By Brian Whitaker
"The right of people to get together and organise themselves in pursuit of shared interests is one of the building blocks for a free and open society. It is also something that Arab regimes fear, since active citizenship undermines their authority.
Consequently, many of them have introduced laws creating arbitrary powers to restrict, control and otherwise manipulate the activities of civil society organisations.
Among Arab countries, association laws (as they are usually known) follow a general pattern that seems inspired more by the novels of Franz Kafka than sound principles of governance.
First, they require clubs, societies and other non-government organisations to register with the authorities while making it difficult, and in some cases almost impossible, for them to do so.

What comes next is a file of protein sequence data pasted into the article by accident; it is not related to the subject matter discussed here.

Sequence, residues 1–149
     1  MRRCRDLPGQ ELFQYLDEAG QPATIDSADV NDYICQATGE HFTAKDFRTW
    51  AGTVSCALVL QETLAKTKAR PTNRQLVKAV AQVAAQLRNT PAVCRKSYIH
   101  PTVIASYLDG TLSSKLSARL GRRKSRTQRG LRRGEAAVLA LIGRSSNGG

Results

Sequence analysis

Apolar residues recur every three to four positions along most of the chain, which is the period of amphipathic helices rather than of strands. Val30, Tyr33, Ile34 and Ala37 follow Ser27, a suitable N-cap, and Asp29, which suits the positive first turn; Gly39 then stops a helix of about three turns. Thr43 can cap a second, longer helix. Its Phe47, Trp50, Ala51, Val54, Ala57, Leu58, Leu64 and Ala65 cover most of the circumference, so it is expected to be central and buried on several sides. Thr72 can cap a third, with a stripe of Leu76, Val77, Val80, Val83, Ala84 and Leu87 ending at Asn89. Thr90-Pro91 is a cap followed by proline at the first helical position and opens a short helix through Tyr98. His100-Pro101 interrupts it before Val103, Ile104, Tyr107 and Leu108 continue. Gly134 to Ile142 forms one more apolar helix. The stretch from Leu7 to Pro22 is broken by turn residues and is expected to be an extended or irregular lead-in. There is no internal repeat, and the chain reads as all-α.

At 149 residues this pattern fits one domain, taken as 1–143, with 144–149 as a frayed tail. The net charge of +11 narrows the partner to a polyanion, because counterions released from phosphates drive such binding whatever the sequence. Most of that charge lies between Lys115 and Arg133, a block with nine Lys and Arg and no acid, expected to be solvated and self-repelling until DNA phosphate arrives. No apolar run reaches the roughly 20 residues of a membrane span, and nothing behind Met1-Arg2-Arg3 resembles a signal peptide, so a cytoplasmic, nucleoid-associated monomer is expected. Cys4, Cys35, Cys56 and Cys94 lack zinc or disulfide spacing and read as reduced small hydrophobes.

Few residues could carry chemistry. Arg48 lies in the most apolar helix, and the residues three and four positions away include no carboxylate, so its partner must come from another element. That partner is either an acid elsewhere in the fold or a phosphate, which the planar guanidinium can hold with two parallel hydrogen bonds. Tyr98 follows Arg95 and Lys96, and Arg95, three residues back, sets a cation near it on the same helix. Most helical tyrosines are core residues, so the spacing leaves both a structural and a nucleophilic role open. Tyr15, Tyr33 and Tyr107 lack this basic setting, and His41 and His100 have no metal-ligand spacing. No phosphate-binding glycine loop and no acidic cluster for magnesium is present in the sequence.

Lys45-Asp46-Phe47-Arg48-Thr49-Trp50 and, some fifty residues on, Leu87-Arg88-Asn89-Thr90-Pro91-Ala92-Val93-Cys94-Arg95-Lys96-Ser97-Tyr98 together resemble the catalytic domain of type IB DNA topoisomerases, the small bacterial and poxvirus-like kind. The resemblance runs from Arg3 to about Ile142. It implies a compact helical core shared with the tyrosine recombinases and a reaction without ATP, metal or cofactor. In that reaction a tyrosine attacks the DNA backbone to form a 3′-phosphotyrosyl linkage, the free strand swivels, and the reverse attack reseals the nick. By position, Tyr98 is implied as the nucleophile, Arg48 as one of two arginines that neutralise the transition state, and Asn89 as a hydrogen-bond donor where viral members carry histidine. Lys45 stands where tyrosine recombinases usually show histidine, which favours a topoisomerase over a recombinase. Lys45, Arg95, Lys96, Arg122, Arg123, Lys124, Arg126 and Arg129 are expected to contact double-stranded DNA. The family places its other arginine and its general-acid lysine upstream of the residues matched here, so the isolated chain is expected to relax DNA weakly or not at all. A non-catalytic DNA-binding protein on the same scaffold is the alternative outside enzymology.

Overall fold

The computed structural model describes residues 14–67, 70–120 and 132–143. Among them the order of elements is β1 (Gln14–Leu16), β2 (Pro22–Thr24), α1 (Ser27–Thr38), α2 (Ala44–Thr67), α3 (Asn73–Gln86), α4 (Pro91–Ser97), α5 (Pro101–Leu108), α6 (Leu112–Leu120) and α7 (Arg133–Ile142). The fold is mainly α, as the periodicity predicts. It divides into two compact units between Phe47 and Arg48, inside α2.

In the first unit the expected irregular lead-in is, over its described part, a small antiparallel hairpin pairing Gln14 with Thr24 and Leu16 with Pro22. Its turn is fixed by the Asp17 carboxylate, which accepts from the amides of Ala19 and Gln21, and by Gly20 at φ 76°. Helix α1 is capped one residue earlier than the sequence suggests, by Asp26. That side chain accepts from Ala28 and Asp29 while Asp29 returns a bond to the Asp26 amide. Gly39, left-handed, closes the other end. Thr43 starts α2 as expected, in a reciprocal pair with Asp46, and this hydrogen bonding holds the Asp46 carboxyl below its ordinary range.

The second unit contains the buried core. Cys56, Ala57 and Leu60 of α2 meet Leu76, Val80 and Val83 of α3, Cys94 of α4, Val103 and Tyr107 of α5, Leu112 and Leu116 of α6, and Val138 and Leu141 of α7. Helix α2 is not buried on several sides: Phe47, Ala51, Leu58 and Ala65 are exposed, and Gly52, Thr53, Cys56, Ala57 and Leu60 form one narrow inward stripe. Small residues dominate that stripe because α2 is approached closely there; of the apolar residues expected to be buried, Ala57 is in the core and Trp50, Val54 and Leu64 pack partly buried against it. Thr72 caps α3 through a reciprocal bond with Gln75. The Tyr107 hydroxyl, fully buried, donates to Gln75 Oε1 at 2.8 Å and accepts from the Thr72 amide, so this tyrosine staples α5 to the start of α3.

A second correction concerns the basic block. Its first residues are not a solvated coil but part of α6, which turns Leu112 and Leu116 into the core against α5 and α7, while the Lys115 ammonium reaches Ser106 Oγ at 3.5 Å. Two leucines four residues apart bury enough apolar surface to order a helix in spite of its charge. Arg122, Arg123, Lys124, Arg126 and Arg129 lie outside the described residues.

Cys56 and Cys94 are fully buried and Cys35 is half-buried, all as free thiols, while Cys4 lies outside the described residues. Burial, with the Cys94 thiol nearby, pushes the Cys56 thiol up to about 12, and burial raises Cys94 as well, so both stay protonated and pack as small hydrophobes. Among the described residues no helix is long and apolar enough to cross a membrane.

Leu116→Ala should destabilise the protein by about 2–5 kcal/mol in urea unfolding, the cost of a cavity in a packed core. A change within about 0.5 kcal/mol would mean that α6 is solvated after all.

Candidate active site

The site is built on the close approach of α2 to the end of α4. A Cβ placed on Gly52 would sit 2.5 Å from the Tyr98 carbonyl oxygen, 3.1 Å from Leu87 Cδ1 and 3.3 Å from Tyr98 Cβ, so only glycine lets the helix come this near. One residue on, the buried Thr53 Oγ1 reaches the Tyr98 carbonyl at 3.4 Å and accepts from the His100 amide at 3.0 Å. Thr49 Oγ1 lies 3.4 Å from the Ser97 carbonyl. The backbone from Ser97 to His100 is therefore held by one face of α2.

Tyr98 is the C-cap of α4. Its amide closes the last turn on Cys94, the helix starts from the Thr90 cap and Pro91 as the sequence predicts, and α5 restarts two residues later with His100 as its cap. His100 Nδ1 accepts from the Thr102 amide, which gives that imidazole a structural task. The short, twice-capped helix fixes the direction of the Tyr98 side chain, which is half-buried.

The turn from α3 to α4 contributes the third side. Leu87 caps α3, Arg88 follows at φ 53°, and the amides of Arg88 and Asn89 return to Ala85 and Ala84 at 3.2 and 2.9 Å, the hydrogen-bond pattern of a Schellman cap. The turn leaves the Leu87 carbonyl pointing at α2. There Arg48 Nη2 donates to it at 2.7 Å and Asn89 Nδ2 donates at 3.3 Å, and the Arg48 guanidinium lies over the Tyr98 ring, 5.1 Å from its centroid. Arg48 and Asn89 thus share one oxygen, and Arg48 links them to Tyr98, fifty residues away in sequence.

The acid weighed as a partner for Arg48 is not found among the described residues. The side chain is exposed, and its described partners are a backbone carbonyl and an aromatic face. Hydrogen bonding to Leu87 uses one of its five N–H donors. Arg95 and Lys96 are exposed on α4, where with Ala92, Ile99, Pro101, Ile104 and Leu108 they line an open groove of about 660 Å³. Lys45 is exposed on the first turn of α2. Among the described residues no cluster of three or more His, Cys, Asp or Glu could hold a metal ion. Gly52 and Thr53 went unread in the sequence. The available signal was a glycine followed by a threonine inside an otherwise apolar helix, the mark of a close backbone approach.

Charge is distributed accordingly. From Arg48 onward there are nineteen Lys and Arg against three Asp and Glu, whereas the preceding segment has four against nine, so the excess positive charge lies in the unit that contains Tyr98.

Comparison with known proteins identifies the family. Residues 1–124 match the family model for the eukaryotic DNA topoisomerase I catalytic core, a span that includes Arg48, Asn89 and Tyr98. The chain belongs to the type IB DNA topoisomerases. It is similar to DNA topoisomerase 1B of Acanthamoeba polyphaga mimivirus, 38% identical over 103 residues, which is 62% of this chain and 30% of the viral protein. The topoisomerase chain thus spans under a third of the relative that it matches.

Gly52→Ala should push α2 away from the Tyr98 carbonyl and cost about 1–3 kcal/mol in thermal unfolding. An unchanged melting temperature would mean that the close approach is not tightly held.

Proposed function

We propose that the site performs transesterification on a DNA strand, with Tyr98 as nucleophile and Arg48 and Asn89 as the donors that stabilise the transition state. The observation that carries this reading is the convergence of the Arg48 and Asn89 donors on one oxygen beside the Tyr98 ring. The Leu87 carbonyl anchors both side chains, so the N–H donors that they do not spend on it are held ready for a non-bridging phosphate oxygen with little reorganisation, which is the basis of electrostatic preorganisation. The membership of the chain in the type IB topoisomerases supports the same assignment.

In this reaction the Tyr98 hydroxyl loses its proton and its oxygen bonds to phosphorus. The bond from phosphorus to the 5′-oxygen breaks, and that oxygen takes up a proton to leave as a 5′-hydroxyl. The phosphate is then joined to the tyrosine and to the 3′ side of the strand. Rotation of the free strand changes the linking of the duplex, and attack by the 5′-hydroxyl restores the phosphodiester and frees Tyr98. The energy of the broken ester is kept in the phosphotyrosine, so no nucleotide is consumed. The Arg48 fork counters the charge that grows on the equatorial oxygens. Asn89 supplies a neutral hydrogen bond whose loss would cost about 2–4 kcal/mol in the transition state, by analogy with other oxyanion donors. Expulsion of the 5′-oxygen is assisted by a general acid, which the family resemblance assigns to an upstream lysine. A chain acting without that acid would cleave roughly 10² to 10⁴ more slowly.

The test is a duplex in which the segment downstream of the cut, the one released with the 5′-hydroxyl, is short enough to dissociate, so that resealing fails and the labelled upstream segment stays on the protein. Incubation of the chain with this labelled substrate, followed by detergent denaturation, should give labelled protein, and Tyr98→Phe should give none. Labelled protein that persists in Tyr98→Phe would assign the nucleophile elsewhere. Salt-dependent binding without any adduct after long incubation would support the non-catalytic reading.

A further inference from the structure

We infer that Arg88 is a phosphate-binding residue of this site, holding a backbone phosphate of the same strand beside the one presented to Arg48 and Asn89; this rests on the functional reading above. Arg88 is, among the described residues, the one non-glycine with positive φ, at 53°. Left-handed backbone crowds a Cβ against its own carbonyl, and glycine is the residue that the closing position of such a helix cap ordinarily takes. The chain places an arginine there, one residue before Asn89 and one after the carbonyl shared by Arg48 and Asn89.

Organisations that succeed in registering then face of host of bureaucratic and mostly pointless rules for how they should conduct their affairs. These basically create an obstacle course to trip up the unwary and often also impose restrictions on fundraising.
Finally, the law usually gives the authorities power to close down or take control of an organisation if they disapprove of what it is doing.
One of the worst offenders in this respect is Bahrain. Although the kingdom's official media never tire of telling us about the "atmosphere of freedom and openness" created under the "wise leadership" of His Majesty King Hamad, Bahrain's associations law is probably the most restrictive among the Arab countries.
A recent report from Human Rights Watch looks in detail at the workings of this law, along with others regulating political groups and trade unions.
Bahrain's current law on associations dates back to 1989. Here are some of its key points......"